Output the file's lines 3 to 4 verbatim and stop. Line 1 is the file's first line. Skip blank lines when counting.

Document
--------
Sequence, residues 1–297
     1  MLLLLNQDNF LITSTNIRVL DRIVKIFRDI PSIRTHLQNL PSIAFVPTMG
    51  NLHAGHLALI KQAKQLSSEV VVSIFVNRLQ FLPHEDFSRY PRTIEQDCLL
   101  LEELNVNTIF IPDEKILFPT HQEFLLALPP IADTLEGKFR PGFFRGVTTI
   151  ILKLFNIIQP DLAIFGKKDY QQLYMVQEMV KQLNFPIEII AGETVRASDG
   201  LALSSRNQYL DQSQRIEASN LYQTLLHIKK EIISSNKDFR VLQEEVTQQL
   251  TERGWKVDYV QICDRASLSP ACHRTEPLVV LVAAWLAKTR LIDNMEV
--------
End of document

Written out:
    51  NLHAGHLALI KQAKQLSSEV VVSIFVNRLQ FLPHEDFSRY PRTIEQDCLL
   101  LEELNVNTIF IPDEKILFPT HQEFLLALPP IADTLEGKFR PGFFRGVTTI